Take the 2-minute tour ×
Mathematics Stack Exchange is a question and answer site for people studying math at any level and professionals in related fields. It's 100% free, no registration required.

I'm preparing for an exam in the signals and systems class I'm taking. One of the practice exams has a problem that requires you to take the Fourier transform of $\text{sinc}(4t)$.

From a table of Fourier transform pairs I found: $\dfrac{\omega_b}{\pi}\text{sinc}\left(\dfrac{\omega_b t}{\pi} \right)\Rightarrow \text{rect}(\omega/2\omega_b)$.

Using this I tried to match the given $\text{sinc}(4t)$ by rewriting it as $\dfrac14\dfrac{4\pi}{\pi}\text{sinc}\left(\dfrac{4\pi t}{\pi} \right)$. From this I get that $\omega_b = 4\pi$ and thus the Fourier transform should yield $\dfrac{1}{4}\text{rect}\left(\omega/8\pi \right)$.

But, in the exam solutions they show the Fourier transform to yield $\dfrac{\pi}{4}\text{rect}(\omega/8)$.

Any ideas where I'm going wrong?

share|improve this question
3  
You can't automatically use any table of Fourier transforms, since not everybody uses the same conventions (=definitions). Could you post the definition(s) you use in class and the ones that came with the table? –  Gerben Mar 16 '11 at 21:47
    
What exactly do you mean be conventions. As far as the transform pair goes the one I posted in the question is what is listed in our book. –  blcArmadillo Mar 16 '11 at 22:03
5  
There are two definitions of the sinc function in use; either $\sin x/x$ or $\sin \pi x/\pi x$. Could it be that the exam and the transform table differ in that regard? –  Hans Lundmark Mar 16 '11 at 22:32
2  
Also, there are two normalizations for the Fourier Transform; $\int_{\mathbb{R}}f(t)e^{-2\pi ixt}\mathrm{d}t$ and $\int_{\mathbb{R}}f(t)e^{-ixt}\mathrm{d}t$. –  robjohn May 8 '12 at 21:35

2 Answers 2

Because this is for signal analysis class, I will assume that $\newcommand{\Res}{\operatorname{Res}}\newcommand{\sgn}{\operatorname{sgn}}\newcommand{\sinc}{\operatorname{sinc}}\sinc(t)=\frac{\sin(\pi t)}{\pi t}$.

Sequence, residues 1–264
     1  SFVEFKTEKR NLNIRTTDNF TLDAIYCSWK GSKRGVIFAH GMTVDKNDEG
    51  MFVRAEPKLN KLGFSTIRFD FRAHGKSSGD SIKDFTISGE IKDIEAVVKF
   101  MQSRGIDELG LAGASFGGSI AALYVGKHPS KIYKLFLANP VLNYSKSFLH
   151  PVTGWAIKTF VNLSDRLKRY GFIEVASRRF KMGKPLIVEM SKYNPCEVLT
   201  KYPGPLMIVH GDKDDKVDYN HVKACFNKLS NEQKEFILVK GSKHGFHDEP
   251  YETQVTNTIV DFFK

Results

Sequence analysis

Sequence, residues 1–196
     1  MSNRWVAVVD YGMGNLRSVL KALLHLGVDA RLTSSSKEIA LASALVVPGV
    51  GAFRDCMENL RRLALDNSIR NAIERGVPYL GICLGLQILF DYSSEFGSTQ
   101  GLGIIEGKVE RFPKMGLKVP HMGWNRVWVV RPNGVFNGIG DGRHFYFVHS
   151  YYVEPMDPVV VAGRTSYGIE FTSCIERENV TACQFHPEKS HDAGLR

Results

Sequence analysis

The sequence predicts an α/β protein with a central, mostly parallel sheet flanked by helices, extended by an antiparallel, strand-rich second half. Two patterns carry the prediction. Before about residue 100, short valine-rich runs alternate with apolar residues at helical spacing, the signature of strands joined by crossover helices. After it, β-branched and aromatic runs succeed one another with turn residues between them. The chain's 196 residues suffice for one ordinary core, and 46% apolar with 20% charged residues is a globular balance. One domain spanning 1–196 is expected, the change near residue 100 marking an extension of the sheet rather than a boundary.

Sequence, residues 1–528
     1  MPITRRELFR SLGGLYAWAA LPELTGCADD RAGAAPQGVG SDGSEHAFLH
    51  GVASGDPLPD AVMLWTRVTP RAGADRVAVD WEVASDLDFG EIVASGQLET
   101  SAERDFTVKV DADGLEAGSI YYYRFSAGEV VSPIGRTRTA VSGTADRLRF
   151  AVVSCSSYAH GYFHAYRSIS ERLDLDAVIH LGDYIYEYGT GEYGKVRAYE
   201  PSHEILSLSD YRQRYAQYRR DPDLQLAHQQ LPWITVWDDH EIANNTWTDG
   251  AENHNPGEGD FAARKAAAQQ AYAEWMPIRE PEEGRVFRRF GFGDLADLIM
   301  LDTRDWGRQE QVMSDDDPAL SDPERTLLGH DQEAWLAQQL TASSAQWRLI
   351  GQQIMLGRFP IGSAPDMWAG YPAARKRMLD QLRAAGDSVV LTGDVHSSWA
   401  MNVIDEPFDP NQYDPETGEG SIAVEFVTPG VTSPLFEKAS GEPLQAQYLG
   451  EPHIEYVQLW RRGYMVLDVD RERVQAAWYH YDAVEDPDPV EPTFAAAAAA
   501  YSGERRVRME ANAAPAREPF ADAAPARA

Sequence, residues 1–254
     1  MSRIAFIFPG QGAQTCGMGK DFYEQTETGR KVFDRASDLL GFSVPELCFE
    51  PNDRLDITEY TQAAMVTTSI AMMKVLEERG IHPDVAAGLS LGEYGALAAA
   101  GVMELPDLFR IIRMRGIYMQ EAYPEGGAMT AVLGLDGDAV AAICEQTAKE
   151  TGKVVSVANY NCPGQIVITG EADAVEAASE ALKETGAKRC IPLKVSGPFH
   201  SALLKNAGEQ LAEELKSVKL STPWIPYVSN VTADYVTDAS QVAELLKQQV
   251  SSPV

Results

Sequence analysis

Since $\sinc(4t)$ is an even function, we have $$ \begin{align} \int_{-\infty}^\infty\frac{\sin(4\pi t)}{4\pi t}e^{-2\pi i\,xt}\,\mathrm{d}t &=\int_{-\infty}^\infty\frac{\sin(4\pi t)}{4\pi t}\cos(2\pi xt)\,\mathrm{d}t\\ &=\int_{-\infty}^\infty\frac{\sin(t(4\pi+2\pi x))+\sin(t(4\pi-2\pi x))}{8\pi t}\mathrm{d}t\tag{1} \end{align} $$ First note that $\int_{-\infty}^\infty\frac{\sin(k\pi t)}{\pi t}\mathrm{d}t$ is odd in $k$. For $k>0$, let's compute $$ \begin{align} \int_{-\infty}^\infty\frac{\sin(k\pi t)}{\pi t}\mathrm{d}t &=\int_{-\infty}^\infty\frac{e^{i\pi kt}-e^{-i\pi kt}}{2\pi it}\mathrm{d}t\\ &=\int_{\gamma^+}\frac{e^{i\pi kt}}{2\pi it}\mathrm{d}t-\int_{\gamma^-}\frac{e^{-i\pi kt}}{2\pi it}\mathrm{d}t\\ &=2\pi i\Res\left(\frac{e^{i\pi kt}}{2\pi it},0\right)-0\\ &=2\pi i\cdot\frac{1}{2\pi i}\\ &=1\tag{2} \end{align} $$ where both $\gamma^+$ and $\gamma^-$ go from $-R-i$ to $R-i$ and then $\gamma^+$ circles back counter-clockwise to $-R-i$ and $\gamma^-$ circles back clockwise to $-R-i$ and $R\to\infty$.

$\hspace{4cm}$enter image description here

Equation $(2)$ and its oddness in $k$ says that $$ \int_{-\infty}^\infty\frac{\sin(k\pi t)}{\pi t}\mathrm{d}t=\sgn(k)\tag{3} $$ Combining $(1)$ and $(3)$ yields $$ \int_{-\infty}^\infty\frac{\sin(4\pi t)}{4\pi t}e^{-2\pi i\,xt}\,\mathrm{d}t=\frac{\sgn(4+2x)+\sgn(4-2x)}{8}\tag{4} $$ which is $\frac14$ for $x\in\left(-2,2\right)$, $\frac18$ for $x\in\left\{-2,2\right\}$, and $0$ elsewhere.

share|improve this answer

I think u can follow the steps in this post:

http://eagle.lamost.org/?p=38679

,simply change z to 4t in the Sinc funtion.

share|improve this answer
2  
Generally we prefer (though it is not a hard rule) that links be accompanied by a brief description of what the link links to. In your case, it may help to explain that (a) you are linking to a blog post and (b) your link uses the residue theorem, and so is very similar to robjohn's answer. –  Willie Wong May 9 '12 at 7:05

Your Answer

 
discard

By posting your answer, you agree to the privacy policy and terms of service.

Not the answer you're looking for? Browse other questions tagged or ask your own question.